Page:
The Burlington Times News had an interesting article today  about a senior health center in Burlington that may close if scheduled cuts to funding through the N.C. Department of Health and Human Services go through.
Nearly 140 seniors attend the Program for All-Inclusive Care (PACE) in Burlington, which acts similar to an adult day care home but also coordinates and provides on-site medical care for seniors that otherwise would have to move into nursing homes.
It appears that DHHS Medicaid staff capped enrollment in the PACE program in April, which created an issue for the Burlington facility because a new PACE center had already gotten the go-ahead to open in Pittsboro.
Piedmont Health SeniorCare, a nonprofit that runs both PACE programs, said the caps DHHS recently announced for the program means there’s not enough money to run both the existing Burlington facility and the new one, which was built to serve up to 200 seniors.
With DHHS only authorizing total funding for 160 patients, the group would have to close the Burlington facility because so much debt is still owed on the new center, Piedmont Health CEO Brian Toomey told the Burlington newspaper .
“And that’s with a broken heart,” he said. “We cannot successfully operate two separate programs with 80 people at one and 80 at the other. It doesn’t work financially.”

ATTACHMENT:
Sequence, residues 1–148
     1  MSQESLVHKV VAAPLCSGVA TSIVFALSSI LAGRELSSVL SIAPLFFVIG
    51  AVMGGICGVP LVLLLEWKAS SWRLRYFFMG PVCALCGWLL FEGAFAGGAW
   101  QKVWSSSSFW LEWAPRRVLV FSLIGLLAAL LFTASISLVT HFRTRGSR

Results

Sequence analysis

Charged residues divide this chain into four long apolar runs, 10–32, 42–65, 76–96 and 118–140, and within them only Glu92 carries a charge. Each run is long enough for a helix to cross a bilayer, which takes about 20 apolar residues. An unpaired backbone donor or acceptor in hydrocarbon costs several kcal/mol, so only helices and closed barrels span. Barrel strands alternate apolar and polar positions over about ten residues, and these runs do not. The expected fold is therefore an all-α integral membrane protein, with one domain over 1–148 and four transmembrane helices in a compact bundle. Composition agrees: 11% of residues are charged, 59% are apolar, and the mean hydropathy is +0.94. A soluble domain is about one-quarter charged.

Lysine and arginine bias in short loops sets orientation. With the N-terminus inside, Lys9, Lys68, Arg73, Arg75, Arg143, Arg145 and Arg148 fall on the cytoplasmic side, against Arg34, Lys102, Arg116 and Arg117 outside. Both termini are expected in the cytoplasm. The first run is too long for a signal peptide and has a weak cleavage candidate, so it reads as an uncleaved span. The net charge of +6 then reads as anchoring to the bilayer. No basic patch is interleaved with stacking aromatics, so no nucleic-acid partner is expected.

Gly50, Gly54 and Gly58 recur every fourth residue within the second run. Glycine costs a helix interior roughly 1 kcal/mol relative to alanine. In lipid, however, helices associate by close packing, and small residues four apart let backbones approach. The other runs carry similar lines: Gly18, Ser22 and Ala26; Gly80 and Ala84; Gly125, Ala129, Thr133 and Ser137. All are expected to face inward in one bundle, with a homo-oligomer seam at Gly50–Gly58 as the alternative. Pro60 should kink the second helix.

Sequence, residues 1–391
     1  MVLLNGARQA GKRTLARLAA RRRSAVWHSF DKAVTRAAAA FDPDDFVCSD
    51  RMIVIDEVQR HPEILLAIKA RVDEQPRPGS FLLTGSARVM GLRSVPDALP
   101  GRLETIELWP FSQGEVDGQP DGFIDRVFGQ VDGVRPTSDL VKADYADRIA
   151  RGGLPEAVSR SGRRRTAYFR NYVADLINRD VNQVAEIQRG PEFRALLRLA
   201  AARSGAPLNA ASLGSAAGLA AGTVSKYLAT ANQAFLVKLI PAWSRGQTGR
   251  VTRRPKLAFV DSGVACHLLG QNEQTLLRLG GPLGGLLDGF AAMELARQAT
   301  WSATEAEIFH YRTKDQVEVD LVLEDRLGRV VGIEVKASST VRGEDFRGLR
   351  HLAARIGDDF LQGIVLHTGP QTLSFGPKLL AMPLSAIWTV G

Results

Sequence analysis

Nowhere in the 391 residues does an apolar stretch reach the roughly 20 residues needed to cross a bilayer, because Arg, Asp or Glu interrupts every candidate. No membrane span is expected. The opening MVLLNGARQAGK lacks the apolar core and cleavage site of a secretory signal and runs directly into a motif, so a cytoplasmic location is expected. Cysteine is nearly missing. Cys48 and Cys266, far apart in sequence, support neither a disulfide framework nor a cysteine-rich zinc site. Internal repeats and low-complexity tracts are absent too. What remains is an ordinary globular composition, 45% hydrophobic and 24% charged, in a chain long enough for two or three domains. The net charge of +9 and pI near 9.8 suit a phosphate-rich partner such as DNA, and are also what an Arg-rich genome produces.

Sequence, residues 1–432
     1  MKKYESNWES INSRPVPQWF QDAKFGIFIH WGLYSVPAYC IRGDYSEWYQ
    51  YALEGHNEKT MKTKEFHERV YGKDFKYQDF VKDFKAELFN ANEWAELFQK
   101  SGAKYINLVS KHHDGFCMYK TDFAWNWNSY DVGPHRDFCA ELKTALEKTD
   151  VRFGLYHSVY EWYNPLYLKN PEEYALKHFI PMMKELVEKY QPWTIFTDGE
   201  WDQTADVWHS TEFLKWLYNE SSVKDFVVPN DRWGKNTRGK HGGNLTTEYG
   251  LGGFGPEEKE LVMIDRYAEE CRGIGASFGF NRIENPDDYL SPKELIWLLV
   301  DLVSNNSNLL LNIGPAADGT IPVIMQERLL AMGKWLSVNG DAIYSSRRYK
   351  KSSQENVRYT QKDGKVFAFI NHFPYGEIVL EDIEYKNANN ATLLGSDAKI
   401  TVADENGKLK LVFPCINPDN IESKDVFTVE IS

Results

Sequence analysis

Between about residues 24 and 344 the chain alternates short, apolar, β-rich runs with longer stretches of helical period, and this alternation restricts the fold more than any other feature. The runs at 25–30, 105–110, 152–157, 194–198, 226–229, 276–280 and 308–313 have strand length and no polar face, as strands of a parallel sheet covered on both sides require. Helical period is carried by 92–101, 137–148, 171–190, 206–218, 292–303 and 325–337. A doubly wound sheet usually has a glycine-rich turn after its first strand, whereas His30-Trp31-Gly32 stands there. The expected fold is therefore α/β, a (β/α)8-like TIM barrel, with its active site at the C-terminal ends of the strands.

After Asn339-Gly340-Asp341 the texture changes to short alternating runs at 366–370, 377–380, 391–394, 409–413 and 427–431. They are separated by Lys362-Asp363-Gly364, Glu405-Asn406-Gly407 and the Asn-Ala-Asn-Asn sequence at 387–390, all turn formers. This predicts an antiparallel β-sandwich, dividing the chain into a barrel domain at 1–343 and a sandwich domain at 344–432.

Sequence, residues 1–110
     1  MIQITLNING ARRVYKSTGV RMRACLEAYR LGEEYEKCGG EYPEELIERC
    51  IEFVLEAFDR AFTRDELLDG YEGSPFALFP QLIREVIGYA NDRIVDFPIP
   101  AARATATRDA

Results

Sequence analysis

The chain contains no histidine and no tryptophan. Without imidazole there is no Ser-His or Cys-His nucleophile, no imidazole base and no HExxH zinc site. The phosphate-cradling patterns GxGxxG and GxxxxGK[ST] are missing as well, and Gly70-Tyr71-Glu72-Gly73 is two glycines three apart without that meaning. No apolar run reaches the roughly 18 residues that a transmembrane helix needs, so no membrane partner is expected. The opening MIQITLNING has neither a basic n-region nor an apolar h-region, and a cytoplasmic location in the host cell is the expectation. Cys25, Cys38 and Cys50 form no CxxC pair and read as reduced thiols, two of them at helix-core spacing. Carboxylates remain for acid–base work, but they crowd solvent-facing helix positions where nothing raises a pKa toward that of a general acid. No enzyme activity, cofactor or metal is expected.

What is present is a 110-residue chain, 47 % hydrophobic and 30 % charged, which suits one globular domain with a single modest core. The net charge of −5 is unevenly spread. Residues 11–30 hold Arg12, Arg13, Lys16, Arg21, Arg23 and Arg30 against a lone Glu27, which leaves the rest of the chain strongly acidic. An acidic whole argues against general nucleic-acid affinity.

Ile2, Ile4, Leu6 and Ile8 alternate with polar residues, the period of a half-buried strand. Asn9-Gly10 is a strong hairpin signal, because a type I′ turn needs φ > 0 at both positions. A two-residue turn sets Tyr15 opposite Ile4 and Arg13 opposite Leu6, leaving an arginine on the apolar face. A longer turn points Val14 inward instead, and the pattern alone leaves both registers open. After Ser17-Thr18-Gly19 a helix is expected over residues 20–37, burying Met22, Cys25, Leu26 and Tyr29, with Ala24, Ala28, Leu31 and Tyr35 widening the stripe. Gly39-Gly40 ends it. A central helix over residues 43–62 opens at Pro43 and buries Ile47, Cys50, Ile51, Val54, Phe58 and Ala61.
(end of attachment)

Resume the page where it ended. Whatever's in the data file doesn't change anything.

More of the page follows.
Lawmakers from Alamance County area are vowing the money to undo the DHHS cap, with one Republican House member vowing to not vote on the state’s $21.1 million budget unless there’s funding for the PACE program.
From the Burlington Times-New article :
Alamance County’s state lawmakers say they support the program and want to restore its funding.
Sen. Rick Gunn, R-Alamance, called this year’s cap on PACE enrollment “a mistake” that is unfair to Piedmont Health after the state green-lit the Pittsboro facility.
“We are working to get about $30 million of those dollars reinstated,” Gunn said last week. “I’m trying to get the cap removed because when (Piedmont Health) made the commitment to invest these dollars in Pittsboro, it wasn’t based on a cap. There’s no way there’s a return for the people that invested in that program. I don’t think that’s right.”
Proposed budgets from Gov. Pat McCrory’s office and the Senate haven’t lifted those caps. Problems could lie in restoring PACE’s budget amidst large, proposed cuts and reforms to the state’s Medicaid program.
Gunn thinks the governor’s office and others have been confused about how the PACE program works. Gunn believes the program saves the state money. He said he’s working to change perception in the Senate and House.
On Tuesday, the House released a draft of its proposed budget and included full funding for PACE.
Rep. Steve Ross, R-Alamance, believes state lawmakers are committed to funding PACE programs.
“I’m very confident that PACE funding will stay,” Ross said. “Some of us have decided we are going to dig in. I’ll sit here until September if I have to. I won’t vote on a budget that doesn’t include it.”
Click here  to read the entire article.